Thanks to goldfish breeding there are now hundreds of varieties of goldfish on the market. Some are perfect for life in an aquarium where they will be more or less protected from predators and disease, while others are healthier and happier in an outdoor environment. The latter are the hardy varieties and can easily survive winter weather as long as the pond is deep enough not to freeze all the way to the bottom.
The Common Goldfish
This type of goldfish is the hardiest of all the varieties and is best able to survive in an outdoor environment. These grow to become very large fish, often achieving lengths of 12 to 18 inches. The common goldfish retains the same basic shape as its wild cousins but is more colorful. These fish swim fast, hide easily and compete well for food. Common goldfish survive in near-freezing temperatures but tend to outgrow their aquarium homes quickly.
The Comet Goldfish
Comets are often mistaken for common goldfish, as they look roughly the same except for body shape and tail length. These fish are aptly named due to their fast swimming speed and can be difficult to catch. Comets are longer and thinner than the common goldfish and many also have longer tails. They come in a variety of colors and are extremely hardy fish that are capable of withstanding near-freezing temperatures throughout the long winters.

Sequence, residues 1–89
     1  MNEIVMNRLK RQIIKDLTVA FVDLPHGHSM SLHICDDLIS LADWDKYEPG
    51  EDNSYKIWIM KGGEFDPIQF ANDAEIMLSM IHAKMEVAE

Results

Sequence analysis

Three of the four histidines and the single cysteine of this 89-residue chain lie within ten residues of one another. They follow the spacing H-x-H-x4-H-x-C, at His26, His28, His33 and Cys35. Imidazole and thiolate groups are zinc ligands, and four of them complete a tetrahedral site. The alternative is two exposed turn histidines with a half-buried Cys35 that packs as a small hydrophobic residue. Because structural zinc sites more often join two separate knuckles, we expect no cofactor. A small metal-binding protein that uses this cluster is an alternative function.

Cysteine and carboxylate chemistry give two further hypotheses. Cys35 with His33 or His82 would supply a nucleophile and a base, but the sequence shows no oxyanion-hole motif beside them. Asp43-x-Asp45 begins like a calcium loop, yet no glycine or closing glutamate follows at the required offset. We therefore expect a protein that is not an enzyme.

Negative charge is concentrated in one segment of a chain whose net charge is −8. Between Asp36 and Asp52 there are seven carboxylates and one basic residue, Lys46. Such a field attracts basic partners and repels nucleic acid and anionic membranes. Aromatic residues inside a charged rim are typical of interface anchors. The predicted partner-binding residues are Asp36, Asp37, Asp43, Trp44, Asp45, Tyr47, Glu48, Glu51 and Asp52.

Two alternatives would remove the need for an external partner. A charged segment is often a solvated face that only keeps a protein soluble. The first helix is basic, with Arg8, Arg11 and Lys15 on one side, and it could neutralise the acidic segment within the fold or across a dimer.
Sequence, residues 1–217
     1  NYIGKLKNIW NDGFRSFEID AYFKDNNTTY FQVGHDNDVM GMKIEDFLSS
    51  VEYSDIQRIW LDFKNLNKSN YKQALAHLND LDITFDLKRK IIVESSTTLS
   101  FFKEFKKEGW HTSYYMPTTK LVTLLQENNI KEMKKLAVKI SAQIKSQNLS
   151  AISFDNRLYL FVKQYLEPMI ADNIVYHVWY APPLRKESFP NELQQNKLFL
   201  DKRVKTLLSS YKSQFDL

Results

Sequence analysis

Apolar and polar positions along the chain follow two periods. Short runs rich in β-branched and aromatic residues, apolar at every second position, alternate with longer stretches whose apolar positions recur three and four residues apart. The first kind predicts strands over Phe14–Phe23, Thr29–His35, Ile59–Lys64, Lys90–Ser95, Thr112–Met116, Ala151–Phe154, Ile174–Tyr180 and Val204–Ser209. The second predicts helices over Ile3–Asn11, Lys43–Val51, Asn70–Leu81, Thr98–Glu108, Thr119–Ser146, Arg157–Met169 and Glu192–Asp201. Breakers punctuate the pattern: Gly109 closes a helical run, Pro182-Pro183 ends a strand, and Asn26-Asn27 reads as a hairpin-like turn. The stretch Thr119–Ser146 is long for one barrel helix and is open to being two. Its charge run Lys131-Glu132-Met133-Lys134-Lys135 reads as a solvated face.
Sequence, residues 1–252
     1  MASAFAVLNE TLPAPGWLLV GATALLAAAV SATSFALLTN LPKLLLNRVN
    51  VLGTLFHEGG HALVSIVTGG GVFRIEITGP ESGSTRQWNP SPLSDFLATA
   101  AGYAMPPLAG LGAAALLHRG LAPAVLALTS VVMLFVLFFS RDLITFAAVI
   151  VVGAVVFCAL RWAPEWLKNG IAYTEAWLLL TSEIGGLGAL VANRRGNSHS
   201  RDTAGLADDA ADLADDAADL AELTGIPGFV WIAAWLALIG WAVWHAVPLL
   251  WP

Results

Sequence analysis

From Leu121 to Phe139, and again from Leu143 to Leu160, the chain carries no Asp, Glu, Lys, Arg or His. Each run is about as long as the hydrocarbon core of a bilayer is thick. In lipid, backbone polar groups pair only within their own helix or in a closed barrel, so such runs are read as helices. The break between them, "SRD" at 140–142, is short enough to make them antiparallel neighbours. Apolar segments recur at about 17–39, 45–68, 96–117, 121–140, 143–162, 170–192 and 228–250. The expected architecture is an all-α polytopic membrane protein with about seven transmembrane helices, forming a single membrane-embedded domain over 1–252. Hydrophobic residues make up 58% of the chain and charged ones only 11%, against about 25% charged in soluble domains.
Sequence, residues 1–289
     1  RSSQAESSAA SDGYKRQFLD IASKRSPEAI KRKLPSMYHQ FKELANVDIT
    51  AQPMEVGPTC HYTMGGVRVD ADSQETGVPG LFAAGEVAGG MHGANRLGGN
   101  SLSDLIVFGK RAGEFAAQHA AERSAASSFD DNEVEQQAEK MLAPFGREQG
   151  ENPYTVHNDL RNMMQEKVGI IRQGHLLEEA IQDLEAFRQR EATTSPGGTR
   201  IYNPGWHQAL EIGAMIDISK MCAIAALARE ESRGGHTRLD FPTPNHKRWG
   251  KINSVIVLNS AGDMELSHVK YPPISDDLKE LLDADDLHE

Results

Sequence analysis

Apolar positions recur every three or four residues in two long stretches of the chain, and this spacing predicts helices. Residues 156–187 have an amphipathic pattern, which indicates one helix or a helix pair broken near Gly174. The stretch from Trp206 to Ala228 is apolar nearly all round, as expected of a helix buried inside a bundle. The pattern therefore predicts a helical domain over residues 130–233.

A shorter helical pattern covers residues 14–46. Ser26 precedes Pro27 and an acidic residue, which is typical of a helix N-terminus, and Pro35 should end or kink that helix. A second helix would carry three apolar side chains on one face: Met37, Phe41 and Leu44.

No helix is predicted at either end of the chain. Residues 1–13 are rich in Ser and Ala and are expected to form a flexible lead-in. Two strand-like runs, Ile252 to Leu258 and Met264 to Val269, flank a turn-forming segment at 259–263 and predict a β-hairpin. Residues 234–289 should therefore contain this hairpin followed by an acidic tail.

These are uniquely colored comet goldfish, often described as calico-colored or speckled. Sometimes they are called harlequin goldfish. Being comets, they are winter hardy and fast moving, able to avoid predation with ease. They grow extremely large, around 12 to 18 inches long, just like the common goldfish, and they make great pond fish. They also make popular aquarium pets due to their beautiful colorations but will require a very large tank to house them properly.
One of the physical characteristics of the fantail goldfish is the "triple" tail, usually long and flowing, with the points joined at the top and separated at the bottom. The bellies of these fish are rounder and, while they are hardier than the hump-backed varieties, they are not as hardy as the commons, comets and shubunkins. These fish can survive easily in an aquarium environment but are not as well adapted to life in a pond.